I had this blog post drafted already, and originally had it titled “iTunes App Store sucks, and Apple doesn’t give a shit”. Well, after the acquisition of Chomp Apple shows it knows. Finally!
To be more precise, I think that app discovery in the app store sucks, and this hurts both users and developers.
Right now, the only ways users find apps are through New, What’s Hot or the top 25 of a category. With almost 600,000 apps, that is basically an Office Depot with aisles that are 50 miles long. You look at the top 25, but that’s it. App search is just really bad. Genius? Anybody ever used Genius more than once? Genius is a joke like Ping is. Apparently, Apple is just not good at social.
So how does an app get into What’s Hot, New or a top 25? An app gets into New, by being new (and a little bit lucky), but obviously only stays there a short while. An app gets into What’s Hot by being very lucky, like having extremely excellent design and an original app. So the important trick now it to get into the Top 25 of a category. This should be based on downloads, revenue and ratings. Unfortunately, too may bad apps, copycat apps or down right fraudulent apps get in the top 25 by playing this system. They do this by just cloning popular apps like Temple Run or using download bots to increase download numbers. And even good and legitimate apps have a hard time getting in a top 25. The problem is, as top 25’s are used so much, getting in there means staying there. It’s a self fulfilling prophecy that way. I see in my Dutch iTunes account that WhatsApp is still number 1 in Social Networks. Good for them, but this app is already like 2 years old.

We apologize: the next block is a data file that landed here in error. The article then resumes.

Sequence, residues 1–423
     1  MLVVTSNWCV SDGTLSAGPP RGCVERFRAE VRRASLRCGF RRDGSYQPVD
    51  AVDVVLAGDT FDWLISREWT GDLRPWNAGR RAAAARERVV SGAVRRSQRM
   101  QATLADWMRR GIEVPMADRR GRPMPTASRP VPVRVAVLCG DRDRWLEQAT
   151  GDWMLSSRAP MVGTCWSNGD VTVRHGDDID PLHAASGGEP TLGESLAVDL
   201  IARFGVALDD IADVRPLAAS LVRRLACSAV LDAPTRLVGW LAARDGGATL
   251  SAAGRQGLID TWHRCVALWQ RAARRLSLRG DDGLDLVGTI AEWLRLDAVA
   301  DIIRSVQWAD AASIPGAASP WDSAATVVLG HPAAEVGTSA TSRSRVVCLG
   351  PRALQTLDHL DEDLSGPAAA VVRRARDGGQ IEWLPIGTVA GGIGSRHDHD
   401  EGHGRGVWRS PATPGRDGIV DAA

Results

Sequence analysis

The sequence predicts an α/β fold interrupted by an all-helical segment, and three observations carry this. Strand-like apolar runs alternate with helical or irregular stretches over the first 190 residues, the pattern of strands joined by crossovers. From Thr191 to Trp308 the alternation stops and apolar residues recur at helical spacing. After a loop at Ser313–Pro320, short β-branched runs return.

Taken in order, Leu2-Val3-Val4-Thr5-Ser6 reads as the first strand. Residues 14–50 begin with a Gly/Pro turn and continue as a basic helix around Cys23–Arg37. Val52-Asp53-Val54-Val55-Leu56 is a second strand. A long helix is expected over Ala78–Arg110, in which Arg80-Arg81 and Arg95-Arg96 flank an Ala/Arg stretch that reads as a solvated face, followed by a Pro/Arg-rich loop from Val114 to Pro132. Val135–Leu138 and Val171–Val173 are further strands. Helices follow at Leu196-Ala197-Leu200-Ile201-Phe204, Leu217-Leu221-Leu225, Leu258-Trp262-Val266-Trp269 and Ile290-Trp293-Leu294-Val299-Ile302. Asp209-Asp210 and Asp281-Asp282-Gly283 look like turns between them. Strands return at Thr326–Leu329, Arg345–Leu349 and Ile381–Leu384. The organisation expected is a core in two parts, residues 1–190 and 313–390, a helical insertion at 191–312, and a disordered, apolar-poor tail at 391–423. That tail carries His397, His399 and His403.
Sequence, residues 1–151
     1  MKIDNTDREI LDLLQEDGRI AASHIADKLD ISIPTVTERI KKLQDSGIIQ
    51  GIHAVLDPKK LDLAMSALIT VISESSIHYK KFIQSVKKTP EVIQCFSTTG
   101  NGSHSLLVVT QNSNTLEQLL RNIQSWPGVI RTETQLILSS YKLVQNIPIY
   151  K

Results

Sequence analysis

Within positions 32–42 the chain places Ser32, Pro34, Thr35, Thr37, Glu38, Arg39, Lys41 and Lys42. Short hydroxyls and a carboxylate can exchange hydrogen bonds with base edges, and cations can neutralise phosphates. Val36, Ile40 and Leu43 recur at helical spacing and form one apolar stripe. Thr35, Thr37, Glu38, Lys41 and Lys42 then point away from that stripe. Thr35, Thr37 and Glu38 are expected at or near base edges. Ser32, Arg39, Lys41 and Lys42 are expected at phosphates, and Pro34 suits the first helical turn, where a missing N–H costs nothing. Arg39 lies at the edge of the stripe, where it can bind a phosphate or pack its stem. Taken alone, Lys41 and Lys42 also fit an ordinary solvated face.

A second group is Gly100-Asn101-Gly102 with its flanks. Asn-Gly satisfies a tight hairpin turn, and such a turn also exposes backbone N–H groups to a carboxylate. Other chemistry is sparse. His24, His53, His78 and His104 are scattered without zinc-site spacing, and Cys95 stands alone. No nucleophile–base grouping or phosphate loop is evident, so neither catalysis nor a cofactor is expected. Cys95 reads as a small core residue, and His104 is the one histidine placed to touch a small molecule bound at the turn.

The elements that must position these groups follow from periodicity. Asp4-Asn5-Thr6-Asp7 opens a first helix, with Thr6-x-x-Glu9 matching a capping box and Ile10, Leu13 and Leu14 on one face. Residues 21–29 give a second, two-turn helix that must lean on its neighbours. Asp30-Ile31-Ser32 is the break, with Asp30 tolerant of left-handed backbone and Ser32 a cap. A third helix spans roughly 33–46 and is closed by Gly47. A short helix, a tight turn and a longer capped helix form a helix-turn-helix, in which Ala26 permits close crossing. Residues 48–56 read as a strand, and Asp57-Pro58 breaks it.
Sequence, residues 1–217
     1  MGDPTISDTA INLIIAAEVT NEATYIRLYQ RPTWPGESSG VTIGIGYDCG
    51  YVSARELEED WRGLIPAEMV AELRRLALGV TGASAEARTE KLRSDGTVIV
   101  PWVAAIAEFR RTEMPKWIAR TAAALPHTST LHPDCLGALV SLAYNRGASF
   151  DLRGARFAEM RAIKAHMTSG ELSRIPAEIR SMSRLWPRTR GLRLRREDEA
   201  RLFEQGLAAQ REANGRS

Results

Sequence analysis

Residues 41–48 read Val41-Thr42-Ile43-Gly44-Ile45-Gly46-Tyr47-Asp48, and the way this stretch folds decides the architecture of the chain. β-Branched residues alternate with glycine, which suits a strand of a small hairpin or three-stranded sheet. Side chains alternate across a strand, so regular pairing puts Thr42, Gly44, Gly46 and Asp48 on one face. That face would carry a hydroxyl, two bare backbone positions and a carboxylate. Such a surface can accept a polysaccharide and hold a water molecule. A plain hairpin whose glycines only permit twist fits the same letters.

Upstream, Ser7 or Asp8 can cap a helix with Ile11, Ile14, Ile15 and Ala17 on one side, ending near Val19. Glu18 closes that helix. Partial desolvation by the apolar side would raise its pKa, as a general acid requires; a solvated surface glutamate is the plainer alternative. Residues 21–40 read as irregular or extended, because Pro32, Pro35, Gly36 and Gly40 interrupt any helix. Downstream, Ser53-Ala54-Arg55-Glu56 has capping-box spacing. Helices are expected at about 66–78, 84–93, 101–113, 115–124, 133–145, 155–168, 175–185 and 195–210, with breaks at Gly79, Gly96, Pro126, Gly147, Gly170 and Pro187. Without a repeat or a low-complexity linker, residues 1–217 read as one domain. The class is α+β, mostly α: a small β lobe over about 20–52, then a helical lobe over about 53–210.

As a result, app browsing is seeing the same apps all the time, and nobody uses search. So users don’t see new newsworthy apps and stop looking for new apps. For developers it is also bad. That $4 billion payout today might seem a lot, but not when you divide it by 138,000 something publishers/developer you get almost $ 29,000 over the last 3 years. The gold rush with stories about making tens of thousands of dollars with a simple game are way way behind us. Even worse, this top 25 failure means a complete winner-take-all distribution. My guess: top 5 % of app publishers do 70-90% of this revenue, and the rest of the publishers either have another core business (Facebook, LinkedIn, your bank) or are just doing bad. This means that the long tail and with that the whole ecosystem is doing bad, which will drive new developers away from the iTunes app store to different stores like Android Market or Windows Phone marketplace.
So now Apple has acquired Chomp, an app search engine. Congratulations both! Some advise to the new owners of the app store:
- improve recommendations and search. If Google can do it for the web and Amazon for shopping, so can you.
- use other metrics than downloads and ratings for top 25s. Like number of times opened, home screen, amount of time used.
- app refunds would be great (although free apps + inapp purchase also works), and you can do this as you control the whole ecosystem
- create favorite app lists, and sharing of them with (Facebook?) friends
- allow communication between users and publishers
- allow publishers to respond limitless to reviews in the app store
- give better statistics, including view, download and referral statistics. Keep statistics indefinite
- profile users, and give aggregated and anonymised profile information to developers.
- allow more dynamic pricing models, with business rules that automate this
- offer A/B testing of pricing, icons, screen shots, etcetera
Let’s make the App Store a great place for everybody again!